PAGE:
Monty Hall himself was not aware either of the controversy or of
the fact that switching offered a clear advantage,
until a statistician asked him about it only a few years ago!
[I also just learned that he shares my birthday, albeit
45 years earlier; NB that's not an example of the
"birthday paradox" — do you see why? How long a list of random
birthdays must I go through before I have a better than 50% chance
of finding somebody else with the same birthday as me?]

Systems of simultaneously linear equations [a kind of problem which
goes back literally millennia and which leads to the
remarkably fruitful ideas of modern
linear algebra]

Historical and still productive theorems, as of Euler
(in calculus and elementary number theory) and Lagrange;
the use of L'Hôpital's rule to evaluate limits

The “100 blueeyed islanders” riddle
[again an example of mathematical induction;
see also the similar puzzle of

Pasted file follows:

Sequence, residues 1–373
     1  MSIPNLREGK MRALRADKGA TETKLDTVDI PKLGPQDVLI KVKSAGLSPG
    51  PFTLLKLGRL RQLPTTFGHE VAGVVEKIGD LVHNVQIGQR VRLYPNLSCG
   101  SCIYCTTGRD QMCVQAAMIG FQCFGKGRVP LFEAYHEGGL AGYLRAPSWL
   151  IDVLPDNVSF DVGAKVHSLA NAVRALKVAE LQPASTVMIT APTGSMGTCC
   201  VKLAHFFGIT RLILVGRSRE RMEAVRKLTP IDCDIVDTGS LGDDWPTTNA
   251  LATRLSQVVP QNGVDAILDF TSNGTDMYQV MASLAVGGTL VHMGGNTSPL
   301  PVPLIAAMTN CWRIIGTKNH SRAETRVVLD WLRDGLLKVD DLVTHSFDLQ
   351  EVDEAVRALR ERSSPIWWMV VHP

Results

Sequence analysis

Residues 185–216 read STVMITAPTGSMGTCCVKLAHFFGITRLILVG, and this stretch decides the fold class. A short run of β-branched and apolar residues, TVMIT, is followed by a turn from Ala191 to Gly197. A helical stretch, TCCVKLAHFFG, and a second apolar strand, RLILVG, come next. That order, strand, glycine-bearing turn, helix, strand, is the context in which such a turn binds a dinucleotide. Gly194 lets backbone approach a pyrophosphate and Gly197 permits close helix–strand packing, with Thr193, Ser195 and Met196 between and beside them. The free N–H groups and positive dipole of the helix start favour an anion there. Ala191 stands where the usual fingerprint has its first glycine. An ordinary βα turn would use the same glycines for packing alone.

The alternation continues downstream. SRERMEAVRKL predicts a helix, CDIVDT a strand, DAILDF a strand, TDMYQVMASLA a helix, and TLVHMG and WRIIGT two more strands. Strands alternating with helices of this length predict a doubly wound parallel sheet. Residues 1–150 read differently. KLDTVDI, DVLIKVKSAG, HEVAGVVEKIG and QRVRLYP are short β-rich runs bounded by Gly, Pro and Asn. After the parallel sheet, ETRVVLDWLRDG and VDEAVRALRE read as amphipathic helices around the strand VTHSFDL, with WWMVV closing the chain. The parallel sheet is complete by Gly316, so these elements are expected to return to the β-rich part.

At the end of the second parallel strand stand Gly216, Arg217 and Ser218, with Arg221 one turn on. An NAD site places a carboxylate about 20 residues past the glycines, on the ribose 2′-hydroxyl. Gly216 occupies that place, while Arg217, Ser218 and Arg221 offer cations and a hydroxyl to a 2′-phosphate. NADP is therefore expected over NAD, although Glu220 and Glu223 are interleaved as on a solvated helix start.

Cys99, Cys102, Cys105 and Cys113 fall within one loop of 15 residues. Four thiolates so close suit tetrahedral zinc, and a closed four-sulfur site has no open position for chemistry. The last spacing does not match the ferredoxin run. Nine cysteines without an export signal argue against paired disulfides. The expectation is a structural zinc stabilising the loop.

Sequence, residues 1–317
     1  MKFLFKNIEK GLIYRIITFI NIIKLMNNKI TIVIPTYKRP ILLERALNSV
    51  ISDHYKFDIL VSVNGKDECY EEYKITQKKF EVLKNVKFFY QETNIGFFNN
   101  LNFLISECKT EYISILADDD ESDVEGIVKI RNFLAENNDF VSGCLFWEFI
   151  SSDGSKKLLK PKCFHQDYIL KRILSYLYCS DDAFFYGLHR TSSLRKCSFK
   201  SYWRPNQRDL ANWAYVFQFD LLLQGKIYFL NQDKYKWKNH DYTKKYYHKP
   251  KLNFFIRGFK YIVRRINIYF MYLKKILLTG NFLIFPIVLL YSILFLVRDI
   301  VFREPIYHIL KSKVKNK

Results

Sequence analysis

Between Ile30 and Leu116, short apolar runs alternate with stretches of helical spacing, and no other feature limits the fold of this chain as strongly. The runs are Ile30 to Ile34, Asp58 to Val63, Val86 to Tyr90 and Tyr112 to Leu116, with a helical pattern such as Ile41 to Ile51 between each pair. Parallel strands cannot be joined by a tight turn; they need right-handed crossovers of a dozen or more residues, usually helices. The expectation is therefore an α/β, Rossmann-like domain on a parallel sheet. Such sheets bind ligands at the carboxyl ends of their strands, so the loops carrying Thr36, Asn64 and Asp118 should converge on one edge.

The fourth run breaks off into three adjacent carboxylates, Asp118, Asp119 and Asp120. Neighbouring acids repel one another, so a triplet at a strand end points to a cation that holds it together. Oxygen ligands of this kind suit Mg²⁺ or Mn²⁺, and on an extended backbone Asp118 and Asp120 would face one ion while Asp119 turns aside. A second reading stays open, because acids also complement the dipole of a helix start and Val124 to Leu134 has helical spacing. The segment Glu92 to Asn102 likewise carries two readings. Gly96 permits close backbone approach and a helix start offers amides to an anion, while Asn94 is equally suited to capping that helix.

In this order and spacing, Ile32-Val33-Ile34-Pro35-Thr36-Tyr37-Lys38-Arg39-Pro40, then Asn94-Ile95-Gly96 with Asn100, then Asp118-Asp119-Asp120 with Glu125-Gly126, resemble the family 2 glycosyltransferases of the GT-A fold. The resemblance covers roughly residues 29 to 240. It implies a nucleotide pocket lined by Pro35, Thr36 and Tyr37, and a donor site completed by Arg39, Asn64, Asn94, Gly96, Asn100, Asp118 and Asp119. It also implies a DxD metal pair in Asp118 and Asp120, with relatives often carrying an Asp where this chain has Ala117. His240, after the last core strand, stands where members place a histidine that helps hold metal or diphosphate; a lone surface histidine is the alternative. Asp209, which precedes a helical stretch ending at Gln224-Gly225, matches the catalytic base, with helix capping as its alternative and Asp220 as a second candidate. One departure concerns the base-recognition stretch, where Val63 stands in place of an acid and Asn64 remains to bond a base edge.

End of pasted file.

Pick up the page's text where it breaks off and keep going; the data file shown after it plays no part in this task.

the lions and the lamb,
and this example of the family of
“pirates' gold” puzzles]

Find two “primitive Pythagorean triples” (solutions of
a^{2}+b^{2}=c^{2}
in relatively prime natural numbers a,b,c)
beyond the familiar (3,4,5)
and the possibly less familiar (5,12,13).
[A classical “Diophantine equation” (equation to be solved
in integers). Can you generate infinitely many Pythagorean triples?
All of them?]

Given 12 balls, all but one of the same weight, and an unmarked
balance scale, determine in only three weighings which ball is
different and whether it is lighter or heavier than the rest.
[Can you prove that 12 is the maximal number for which this task
can be accomplished with only three weighings? What if you can
perform four, five, … n weighings?]

A recent problem from the
AIME: In a parallelogram ABCD, point M is on AB
such that AM/AB = 17/1000 and
point N is on AD so that AN/AD = 17/2009.
Let P be the point of intersection of AC and MN. Find AC/AP.
[A good example of a problem in plane geometry that can be most easily
solved with coordinates or vectors]

Trigonometry problems, and their reconsideration in calculus
as with the limit of sin(x)/x
as sin(x)→0
[which in effect goes back to the Greek method of approximating π
using areas of inscribed and circumscribed regular polygons]

The “missing dollar” riddle